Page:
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United Front for Democratic Change

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Title: United Front for Democratic Change  
Author: World Heritage Encyclopedia
Language: English
Subject: Chadian Civil War (2005–10), April 2006, Amdjereme raid, May 2006, Mohammed Nour Abdelkerim
Collection: Chadian Civil War (2005–10), Rebel Groups in Chad
Publisher: World Heritage Encyclopedia

United Front for Democratic Change

The United Front for Democratic Change or Front uni pour le changement (FUC) is a Chadian rebel alliance, made up of eight individual rebel groups, all with the goals of overthrowing the government of current Chadian President. It is now part of the Union of Forces for Democracy and Development. UFDC was founded between 26–28 December 2005 in Modeina in eastern Chad. FUC's "president" is Mahamat Nour Abdelkerim, the former leader of the Rally for Democracy and Liberty rebel group, "first vice president" Hassan Salleh Algadam, "second vice president" Abakar Tollimi, and "secretary-general" Abdelwahit About. On 18 December the RDL and another allied rebel group, Platform for Change, Unity and Democracy, attacked the city of Adré. The attack was repulsed by the Chadian military, and the Chadian government accused the Sudanese government of supporting the rebels, which Sudanese President Omar al-Bashir denies. Chad declared a "state of belligerance" with Sudan on 23 December 2005, resulting in the Chad-Sudan Conflict. The result was the Tripoli Agreement.

Abdullahi Abdel Karim, the spokesperson for the Rally for Democracy and Liberty (RDL) rebels said, "Each of our groups had their own forces, men and equipment. Now, we'll be joining them together."[1]

On 19 January 2006, Abdelwahit About was arrested by the Sudanese government along with twenty other F.U.C. rebels, after he gave a radio interview stating that not only was he in Khartoum, but the F.U.C. had friendly ties to the Sudanese government.[2]

On 12 April 2006, rebels from the United Front drove 1000 km from their bases near the Sudan border to the Chadian capital, N'Djamena. Their attack on the capital which occurred before dawn was repelled by the Chadian army, as reported on 13 April.[3] (See Battle of N'Djamena.)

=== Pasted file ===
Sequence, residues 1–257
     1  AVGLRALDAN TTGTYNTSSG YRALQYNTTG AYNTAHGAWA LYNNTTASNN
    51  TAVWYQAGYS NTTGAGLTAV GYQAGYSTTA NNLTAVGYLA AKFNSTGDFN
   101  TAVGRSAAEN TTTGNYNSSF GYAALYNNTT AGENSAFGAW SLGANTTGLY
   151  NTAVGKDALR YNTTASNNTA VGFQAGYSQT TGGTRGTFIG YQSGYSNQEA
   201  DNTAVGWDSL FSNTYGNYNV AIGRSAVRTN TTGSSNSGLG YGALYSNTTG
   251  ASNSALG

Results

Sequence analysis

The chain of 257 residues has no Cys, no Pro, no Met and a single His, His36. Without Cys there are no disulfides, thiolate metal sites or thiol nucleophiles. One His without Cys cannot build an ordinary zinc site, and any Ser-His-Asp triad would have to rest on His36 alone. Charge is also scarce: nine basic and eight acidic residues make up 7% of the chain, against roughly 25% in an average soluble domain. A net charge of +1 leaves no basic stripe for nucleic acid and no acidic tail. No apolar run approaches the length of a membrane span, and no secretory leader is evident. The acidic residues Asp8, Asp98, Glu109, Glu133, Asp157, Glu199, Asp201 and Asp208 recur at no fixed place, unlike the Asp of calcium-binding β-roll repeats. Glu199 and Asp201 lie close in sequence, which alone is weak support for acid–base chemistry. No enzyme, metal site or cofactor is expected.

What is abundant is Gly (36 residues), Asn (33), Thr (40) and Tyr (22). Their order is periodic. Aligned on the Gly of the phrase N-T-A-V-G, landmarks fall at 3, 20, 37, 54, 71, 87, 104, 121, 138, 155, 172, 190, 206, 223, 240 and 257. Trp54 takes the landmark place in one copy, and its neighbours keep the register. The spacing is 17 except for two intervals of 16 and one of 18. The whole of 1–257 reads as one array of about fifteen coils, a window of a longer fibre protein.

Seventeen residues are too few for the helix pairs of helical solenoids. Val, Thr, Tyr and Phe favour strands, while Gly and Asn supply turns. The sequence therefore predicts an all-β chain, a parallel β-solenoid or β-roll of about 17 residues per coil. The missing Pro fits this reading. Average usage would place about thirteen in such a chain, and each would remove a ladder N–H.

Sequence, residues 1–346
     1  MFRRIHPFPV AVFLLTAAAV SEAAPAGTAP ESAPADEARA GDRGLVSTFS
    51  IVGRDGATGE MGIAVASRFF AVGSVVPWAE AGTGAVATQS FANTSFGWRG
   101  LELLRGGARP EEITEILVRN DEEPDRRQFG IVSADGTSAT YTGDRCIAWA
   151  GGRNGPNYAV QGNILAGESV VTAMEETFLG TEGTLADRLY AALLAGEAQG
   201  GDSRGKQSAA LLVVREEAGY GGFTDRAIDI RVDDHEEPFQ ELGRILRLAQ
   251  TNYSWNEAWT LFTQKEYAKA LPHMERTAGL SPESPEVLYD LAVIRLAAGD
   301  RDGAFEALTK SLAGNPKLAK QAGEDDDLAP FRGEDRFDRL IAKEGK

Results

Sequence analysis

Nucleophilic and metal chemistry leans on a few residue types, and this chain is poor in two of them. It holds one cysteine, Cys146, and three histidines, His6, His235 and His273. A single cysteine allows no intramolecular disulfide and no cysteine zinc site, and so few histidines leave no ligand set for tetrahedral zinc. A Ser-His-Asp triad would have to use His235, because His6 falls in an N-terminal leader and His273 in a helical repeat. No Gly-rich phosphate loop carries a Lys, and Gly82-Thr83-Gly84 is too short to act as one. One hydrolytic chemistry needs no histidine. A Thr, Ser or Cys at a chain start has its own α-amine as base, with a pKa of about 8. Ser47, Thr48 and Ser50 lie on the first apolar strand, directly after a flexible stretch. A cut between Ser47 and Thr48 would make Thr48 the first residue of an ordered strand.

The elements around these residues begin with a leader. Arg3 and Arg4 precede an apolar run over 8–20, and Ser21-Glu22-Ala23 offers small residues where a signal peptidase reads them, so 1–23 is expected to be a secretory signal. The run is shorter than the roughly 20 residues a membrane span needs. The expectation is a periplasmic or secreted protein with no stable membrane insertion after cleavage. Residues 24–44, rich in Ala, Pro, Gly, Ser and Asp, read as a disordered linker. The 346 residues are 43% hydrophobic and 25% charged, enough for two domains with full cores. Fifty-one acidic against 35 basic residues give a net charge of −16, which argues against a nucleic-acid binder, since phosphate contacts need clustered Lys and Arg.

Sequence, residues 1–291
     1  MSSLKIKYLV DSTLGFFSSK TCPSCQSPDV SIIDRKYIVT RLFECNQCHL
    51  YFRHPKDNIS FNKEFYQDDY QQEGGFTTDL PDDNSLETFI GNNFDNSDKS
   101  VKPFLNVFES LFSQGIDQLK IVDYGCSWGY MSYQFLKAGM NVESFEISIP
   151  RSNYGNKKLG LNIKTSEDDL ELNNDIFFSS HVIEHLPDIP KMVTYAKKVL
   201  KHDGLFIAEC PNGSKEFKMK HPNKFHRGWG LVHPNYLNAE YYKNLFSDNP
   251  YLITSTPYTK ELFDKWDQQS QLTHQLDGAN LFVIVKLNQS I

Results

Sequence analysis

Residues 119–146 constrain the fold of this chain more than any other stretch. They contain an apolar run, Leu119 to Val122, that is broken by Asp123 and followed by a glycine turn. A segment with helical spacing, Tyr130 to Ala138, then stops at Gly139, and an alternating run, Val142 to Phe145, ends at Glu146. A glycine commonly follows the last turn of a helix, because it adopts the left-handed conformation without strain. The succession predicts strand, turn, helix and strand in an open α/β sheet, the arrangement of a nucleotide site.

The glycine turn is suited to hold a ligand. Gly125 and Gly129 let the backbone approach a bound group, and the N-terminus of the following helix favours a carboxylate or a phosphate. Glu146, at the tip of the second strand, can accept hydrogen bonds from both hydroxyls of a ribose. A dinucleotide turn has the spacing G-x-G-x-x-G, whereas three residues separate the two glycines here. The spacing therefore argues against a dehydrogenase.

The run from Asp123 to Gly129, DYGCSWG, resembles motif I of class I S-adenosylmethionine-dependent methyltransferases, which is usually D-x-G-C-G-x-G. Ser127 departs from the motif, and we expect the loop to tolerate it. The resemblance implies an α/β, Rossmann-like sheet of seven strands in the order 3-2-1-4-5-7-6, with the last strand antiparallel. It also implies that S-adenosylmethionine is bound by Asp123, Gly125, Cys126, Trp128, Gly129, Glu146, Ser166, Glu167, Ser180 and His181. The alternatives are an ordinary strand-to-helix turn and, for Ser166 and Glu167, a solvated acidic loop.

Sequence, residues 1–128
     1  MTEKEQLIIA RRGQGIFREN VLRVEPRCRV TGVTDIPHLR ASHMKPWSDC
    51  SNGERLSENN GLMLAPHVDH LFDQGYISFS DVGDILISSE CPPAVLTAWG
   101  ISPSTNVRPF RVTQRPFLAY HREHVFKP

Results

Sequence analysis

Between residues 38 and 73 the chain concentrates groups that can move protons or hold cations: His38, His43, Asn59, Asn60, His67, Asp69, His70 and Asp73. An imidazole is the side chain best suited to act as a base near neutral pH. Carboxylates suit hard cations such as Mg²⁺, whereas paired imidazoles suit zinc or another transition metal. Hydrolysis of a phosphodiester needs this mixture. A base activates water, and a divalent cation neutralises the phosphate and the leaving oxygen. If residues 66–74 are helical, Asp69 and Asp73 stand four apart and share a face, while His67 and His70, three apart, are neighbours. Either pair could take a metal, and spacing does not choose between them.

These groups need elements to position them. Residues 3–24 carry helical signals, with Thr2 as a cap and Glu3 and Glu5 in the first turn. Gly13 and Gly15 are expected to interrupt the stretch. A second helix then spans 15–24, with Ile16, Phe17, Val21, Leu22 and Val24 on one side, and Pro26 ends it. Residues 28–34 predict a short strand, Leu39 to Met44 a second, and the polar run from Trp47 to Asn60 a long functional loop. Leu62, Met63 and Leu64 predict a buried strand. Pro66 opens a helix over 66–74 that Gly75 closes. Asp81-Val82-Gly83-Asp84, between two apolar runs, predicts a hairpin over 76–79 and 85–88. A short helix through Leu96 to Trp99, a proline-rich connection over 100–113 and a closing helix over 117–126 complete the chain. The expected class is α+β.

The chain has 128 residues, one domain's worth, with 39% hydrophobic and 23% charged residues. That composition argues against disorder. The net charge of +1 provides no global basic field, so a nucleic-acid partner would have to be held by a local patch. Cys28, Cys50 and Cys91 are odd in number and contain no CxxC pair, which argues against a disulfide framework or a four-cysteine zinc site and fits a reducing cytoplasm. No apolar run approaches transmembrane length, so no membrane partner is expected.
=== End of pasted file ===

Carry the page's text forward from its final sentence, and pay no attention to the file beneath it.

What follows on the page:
• Rebel groups within FUC 1
  • 2006 peace accord 2
  • Child soldiers 3
  • See also 4
  • References 5
  • External links 6

Rebel groups within FUC

The eight (defunct) rebel groups that form the FUC:

2006 peace accord

On 24 December 2006, Chad's President Idriss Deby Itno and rebel leader Mahamat Nour Abdelkerim signed a peace accord ending hostilities between the Chadian government and the United Front for Democratic Change. A substantial portion of the forces commanded by Abdelkerim were scheduled to be integrated into the Chadian national army over the subsequent three months, but the remaining rebel factions continued to fight on against the government.[4] Abdelkerim was brought into the government as Minister of Defense in March 2007.[5]

Serious fighting between elements of FUC and the government forces took place on 18 October 2007 at Goz-Beïda.[6][7] The fighting was said to have been precipitated by the unwillingness of the FUC elements to dismarm and integrate into the army, as provided for in the peace agreement. Abdelkerim urged these FUC elements to accept integration into the army.[6]

Child soldiers

According to reports in May 2007, the rebel group had more than 1,000 child soldiers within its ranks. There are ongoing negotiations with the government of Chad for their demobilization.[8]

See also


  1. ^ 
  2. ^ [1]
  3. ^ [2]
  4. ^ "Chad president and rebel leader sign peace accord". Sudan Tribune. 2006-12-25. 
  5. ^ "Kassire chooses former rebel for key post", Reuters (IOL), 5 March 2007.
  6. ^ a b "Combats dans l'est du Tchad: 13 ex-rebelles tués, 6 soldats blessés selon l'armée", AFP (, 19 October 2007 (French).
  7. ^ "Former Chadian rebels recapture Goz Beida garrison following heavy fighting", African Press Agency, 19 October 2007.
  8. ^ "NICEF and Chad sign agreement to demobilize child soldiers". UN News Centre. 2007-05-10. 

External links

  • "Chad: Former rebel leader becomes defense minister"
  • "Chad rebels join to overthrow president" - CNN (accessed 30 December)
  • "Chad president and rebel leader sign peace accord" - Sudan Tribune (accessed 26 December 2006)
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